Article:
I grew up in the east San Francisco Bay Area and attended Cal Poly Pomona, where I completed my BS in Anthropology with an emphasis in Cultural Resource Management. As a prehistorian and historical archaeologist, my topical and geographic expertise spans from prehistoric village sites in the Mojave Desert and Southern Channel Islands to 19th century Chinatowns in the San Francisco Bay Area and early 20th century Hawaiian sugar plantations. I pursue my research interests by applying my methodological specialties inclusive of geochemical archaeometry, lithic and ceramic macro- and microscopic analyses, GIS visualization and photogrammetry to investigate material evidence. However, my research is conducted following an interdisciplinary approach, under which, I bridge quantitative object-based analyses with information from colonial records, ethnographic archives and active community-based collaboration to holistically contextualize the archaeological record. My dissertation, “Re-Assembling Radical Indigenous Autonomy in the Alta California Hinterlands”, contributes an indigenous archaeology project that highlights politically and economically autonomous indigenous communities living within early 19th century Spanish-colonial Borderlands.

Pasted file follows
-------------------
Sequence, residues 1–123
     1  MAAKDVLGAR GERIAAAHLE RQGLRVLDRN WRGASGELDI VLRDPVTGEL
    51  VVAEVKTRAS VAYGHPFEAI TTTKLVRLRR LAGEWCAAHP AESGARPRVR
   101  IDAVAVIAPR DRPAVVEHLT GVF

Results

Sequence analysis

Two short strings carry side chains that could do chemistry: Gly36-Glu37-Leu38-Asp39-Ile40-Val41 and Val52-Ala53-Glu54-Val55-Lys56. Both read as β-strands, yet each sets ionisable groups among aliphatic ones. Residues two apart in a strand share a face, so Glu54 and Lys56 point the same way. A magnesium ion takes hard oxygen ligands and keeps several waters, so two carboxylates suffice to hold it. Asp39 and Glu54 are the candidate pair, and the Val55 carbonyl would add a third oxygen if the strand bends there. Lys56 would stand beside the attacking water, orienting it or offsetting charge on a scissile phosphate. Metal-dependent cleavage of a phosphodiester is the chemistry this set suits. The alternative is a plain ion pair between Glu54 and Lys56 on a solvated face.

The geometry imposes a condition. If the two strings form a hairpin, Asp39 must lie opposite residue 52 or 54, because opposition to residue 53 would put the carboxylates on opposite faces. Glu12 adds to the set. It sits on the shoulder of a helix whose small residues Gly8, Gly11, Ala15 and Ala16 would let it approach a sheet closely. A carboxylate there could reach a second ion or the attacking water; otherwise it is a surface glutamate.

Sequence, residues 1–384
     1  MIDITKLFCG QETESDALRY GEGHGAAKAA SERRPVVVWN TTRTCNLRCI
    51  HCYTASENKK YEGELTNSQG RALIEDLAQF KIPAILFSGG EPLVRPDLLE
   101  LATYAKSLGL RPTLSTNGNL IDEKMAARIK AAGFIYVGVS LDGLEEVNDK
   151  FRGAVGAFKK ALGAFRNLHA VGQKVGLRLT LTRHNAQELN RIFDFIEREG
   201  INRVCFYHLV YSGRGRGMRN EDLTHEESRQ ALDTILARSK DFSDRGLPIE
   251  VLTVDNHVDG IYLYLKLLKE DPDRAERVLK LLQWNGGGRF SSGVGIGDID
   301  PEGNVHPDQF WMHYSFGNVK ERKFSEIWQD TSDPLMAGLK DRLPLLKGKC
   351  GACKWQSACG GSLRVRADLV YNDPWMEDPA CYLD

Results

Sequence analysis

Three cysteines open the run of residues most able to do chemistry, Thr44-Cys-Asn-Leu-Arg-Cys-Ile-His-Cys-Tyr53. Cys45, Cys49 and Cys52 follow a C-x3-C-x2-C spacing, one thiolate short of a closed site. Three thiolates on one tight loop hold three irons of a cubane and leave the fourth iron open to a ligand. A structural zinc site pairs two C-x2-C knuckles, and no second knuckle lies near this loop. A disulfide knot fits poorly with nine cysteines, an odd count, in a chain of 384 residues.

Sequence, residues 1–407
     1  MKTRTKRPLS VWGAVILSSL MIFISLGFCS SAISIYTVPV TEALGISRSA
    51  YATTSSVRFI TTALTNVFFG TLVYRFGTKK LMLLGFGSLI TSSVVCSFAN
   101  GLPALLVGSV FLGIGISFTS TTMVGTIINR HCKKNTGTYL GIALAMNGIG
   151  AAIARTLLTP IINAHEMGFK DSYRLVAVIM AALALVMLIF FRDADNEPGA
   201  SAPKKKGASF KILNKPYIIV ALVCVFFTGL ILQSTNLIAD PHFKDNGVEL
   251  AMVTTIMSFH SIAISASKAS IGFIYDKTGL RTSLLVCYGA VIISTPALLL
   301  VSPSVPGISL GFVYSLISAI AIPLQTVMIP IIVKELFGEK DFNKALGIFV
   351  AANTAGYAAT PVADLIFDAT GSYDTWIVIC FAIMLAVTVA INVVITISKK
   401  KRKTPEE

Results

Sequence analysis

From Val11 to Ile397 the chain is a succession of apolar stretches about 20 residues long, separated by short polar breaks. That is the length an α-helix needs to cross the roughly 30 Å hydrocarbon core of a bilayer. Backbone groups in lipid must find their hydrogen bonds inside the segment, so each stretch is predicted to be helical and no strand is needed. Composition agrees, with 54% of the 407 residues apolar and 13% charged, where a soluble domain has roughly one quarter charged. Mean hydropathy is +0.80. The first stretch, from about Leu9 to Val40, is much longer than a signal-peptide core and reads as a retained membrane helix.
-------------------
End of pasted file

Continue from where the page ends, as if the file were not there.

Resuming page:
My research specific interests include: Indigenous archaeology, community based participatory research, subaltern resistance, political economies, craft production, New Materialism approaches in archaeology, geochemical archaeometry, indigenous epistemologies, North American colonialism, multiethnic subjectivity formation and material historicity.